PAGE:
Case presentation

A three and a half year old girl, who presented with a croup history of 4 days duration, was transferred to the Pediatric Intensive Care Unit because of worsening respiratory distress. The past history was uncontributory except that the patient was an unvaccinated immigrant, living in close contact with her alcoholic grandfather. The patient was immediately intubated, and a grayish nonadherent membrane extending through the glottis down into the larynx was apparent during the procedure. Material from the membranes was sent for cultures and the patient was started on intravenous penicillin and specific antitoxin. Although blood gases improved initially, respirator settings had soon to be increased significantly to sustain a pO2 value above 60 mm Hg (7.9 kPa). A chest roentgenogram revealed extensive bilateral diffuse pulmonary infiltrations (Fig. 1). Laboratory findings included white blood cells 70,110 cu mm (70*109/L) with segmented neutrophils 46%, band forms 8%, platelets 134,000 cu mm (134*109/L), CRP 177. Serum alanine aminotransferase and aspartate aminotransferase concentrations peaked at 340 U/L and 721 U/L, respectively and serum creatinine increased to 1.4 mg/dL (124 μmol/L). On hospital day 1 she became hypotensive and remained in shock despite escalating doses of inotropic agents. Echocardiographic findings, which were consistent with acute cardiomyopathy, confirmed extremely poor left ventricular contractility (asystole; shortening fraction <5%), despite high dose continuous dobutamine (20 μg.kg-1.min-1) and epinephrine (up to 5 μg.kg-1.min-1) infusions. After having completed 36 hours of hospitalization in the PICU with multiple cardiac arrests, the child was no more responding to resuscitation efforts and died.

thumbnailFigure 1. Chest roentgenogram upon admission. Frontal chest roentgenogram revealed extensive bilateral diffuse pulmonary infiltrations, left greater than right.

Autopsy findings revealed numerous diphtheritic membrane formations extended down into the larynx and further obstructing the distal tracheobronchial tree (Fig. 2). Myocardium edema, congestion and mononuclear and neutrophil cell infiltration, completed the clinicopathologic picture of diphtheritic cardiomyopathy. Membrane formations and visceral hemorrhagic necrotic lesions were associated with numerous strains of corynobacterium diphtheriae (producing the typical club-shaped appearance and distributed in a typical Chinese-letter appearance on the smear) (Fig. 3). The organism, however, of Gravis type, grew on the Loeffler cultures of portions of membranes, which were received during the intubation. As also expected, the strain was shown to be toxigenic.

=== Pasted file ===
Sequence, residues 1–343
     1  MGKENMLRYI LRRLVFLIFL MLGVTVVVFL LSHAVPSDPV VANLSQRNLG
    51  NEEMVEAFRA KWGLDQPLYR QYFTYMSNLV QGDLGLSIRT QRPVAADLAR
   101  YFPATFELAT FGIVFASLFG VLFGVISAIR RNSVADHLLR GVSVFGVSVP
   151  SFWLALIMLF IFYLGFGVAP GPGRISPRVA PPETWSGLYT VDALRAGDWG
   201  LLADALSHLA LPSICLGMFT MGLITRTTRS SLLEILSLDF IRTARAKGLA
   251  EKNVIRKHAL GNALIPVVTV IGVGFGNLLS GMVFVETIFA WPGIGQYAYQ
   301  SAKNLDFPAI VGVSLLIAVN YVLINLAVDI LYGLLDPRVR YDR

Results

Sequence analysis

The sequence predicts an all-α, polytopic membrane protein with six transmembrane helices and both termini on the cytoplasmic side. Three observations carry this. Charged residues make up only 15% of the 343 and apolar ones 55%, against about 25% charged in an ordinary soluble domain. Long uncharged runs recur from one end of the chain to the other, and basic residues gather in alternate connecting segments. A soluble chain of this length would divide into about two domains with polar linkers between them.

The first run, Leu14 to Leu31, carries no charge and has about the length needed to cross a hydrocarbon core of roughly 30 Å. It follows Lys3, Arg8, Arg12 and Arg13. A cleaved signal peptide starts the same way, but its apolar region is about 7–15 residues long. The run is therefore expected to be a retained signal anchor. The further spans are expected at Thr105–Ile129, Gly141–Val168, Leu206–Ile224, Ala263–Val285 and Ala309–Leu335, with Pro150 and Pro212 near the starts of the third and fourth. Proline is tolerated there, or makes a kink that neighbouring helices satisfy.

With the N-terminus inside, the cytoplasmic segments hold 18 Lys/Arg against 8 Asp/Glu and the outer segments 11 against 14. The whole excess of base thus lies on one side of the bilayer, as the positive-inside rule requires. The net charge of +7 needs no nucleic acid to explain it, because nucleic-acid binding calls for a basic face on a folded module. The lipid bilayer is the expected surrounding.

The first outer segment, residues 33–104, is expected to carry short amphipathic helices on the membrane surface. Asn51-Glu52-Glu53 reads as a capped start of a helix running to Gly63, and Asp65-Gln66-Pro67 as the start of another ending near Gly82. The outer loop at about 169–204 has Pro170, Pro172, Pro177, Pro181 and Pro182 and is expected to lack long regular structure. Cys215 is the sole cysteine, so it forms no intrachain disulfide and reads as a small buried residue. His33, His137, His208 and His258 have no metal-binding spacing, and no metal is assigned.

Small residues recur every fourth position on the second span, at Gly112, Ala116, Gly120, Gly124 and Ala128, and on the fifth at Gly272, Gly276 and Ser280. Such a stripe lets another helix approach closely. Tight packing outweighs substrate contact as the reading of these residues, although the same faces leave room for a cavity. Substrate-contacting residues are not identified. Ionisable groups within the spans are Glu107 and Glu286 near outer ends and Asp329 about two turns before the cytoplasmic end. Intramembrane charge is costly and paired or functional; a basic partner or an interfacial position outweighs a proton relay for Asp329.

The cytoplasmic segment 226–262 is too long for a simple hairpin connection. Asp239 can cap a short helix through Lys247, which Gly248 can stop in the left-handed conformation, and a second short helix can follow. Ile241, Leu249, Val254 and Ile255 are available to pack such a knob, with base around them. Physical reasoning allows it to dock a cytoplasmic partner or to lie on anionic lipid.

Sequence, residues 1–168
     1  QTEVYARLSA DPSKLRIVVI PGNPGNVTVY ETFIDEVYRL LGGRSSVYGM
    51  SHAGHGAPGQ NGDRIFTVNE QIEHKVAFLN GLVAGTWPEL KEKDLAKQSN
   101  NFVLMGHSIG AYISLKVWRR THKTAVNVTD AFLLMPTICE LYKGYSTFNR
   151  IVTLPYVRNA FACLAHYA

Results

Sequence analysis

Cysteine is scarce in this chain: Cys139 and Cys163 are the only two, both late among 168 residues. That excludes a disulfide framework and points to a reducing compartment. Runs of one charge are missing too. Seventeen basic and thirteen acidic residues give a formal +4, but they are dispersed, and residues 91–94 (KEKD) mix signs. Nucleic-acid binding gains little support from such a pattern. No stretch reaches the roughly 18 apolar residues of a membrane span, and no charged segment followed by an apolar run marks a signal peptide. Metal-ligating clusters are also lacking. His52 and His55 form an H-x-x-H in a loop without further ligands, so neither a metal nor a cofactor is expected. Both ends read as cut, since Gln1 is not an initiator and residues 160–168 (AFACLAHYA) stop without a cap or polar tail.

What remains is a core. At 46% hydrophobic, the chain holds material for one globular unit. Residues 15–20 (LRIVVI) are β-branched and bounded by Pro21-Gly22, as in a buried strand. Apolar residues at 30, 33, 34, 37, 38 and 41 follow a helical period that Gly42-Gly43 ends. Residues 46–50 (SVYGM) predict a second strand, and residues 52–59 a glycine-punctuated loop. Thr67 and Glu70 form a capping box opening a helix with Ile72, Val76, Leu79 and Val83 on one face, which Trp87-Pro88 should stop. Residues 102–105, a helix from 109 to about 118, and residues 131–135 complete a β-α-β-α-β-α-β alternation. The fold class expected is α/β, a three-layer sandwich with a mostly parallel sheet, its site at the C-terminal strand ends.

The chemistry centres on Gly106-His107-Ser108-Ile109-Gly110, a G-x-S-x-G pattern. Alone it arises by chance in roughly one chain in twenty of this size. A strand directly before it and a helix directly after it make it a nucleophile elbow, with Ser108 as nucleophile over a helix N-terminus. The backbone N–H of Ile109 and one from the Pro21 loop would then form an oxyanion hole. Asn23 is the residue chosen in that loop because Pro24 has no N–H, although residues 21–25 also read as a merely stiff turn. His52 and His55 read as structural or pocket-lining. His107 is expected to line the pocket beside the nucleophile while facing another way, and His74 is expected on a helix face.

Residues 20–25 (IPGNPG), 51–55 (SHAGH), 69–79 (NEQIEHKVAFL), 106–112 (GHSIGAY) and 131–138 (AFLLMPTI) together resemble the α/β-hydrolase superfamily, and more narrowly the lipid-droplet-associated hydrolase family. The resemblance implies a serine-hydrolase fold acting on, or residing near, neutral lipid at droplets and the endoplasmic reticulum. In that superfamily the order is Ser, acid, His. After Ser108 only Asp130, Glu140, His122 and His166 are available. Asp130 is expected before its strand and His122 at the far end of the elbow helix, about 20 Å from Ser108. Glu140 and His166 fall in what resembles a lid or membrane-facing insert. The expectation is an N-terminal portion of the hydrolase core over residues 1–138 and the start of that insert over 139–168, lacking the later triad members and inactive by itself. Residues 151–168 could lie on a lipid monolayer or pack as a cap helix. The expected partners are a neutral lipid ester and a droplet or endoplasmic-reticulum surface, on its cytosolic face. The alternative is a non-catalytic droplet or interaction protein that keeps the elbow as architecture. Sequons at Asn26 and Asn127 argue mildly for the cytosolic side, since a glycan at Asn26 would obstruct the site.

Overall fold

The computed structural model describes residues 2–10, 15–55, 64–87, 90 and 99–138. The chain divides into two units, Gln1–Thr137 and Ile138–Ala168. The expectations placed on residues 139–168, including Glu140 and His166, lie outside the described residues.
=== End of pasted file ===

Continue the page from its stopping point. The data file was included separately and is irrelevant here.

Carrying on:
thumbnailFigure 2. Tracheobronchial membranes at autopsy. Autopsy findings revealed numerous diphtheritic membrane formations (arrowheads) extended down into the larynx and further obstructing the distal tracheobronchial tree.

thumbnailFigure 3. Strains of corynobacterium diphtheriae on a smear. A Giemsa stain (original magnification × 1000) of visceral hemorrhagic necrotic lesions was associated with numerous strains of corynobacterium diphthetiae, producing the typical club-shaped appearance and distributed in a typical Chinese-letter appearance on the smear (arrows).

Conclusion

This manuscript reports on an exceptionally rare disease – almost forgotten today – in a western country. Most of the recent literature concerning clinical manifestations and treatment modalities of diphtheritic croup [5,6] or myocarditis [7,8] almost exclusively comes from endemic areas in developing countries [9,10]. Recently, however, concerns regarding the emergence of this obsolete disease in the developed word are reported with an increasing frequency, mostly as quizzes [11] exceptional [12] or unusual case reports [13,14] – like ours – or as alarming updated review articles of progress in clinical, epidemiological and microbiological aspects of diphtheria in the European region [15]. Researchers concern with the emerging threat of diphtheria being re-introduced from Eastern Europe or Asia and re-established in the West, highlight the need for improved immunisation coverage, surveillance and epidemiological studies to sustain control of diphtheria in European Region [16], and overemphasize the need for keeping a high index of clinical suspicion and initiation treatment without delay [17].